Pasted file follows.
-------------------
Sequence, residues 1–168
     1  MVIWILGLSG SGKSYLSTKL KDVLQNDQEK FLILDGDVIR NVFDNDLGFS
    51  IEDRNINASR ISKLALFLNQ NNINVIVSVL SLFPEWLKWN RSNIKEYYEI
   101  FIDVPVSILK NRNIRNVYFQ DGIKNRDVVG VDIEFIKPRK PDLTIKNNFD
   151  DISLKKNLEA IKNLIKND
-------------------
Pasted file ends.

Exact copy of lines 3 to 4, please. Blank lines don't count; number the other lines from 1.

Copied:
    51  IEDRNINASR ISKLALFLNQ NNINVIVSVL SLFPEWLKWN RSNIKEYYEI
   101  FIDVPVSILK NRNIRNVYFQ DGIKNRDVVG VDIEFIKPRK PDLTIKNNFD